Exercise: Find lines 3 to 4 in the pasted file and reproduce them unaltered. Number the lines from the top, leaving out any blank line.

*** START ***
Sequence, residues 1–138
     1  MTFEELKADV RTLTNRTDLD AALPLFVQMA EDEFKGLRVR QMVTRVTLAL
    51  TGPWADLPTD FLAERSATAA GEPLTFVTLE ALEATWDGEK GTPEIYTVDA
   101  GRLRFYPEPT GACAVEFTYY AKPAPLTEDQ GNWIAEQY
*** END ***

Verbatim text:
    51  TGPWADLPTD FLAERSATAA GEPLTFVTLE ALEATWDGEK GTPEIYTVDA
   101  GRLRFYPEPT GACAVEFTYY AKPAPLTEDQ GNWIAEQY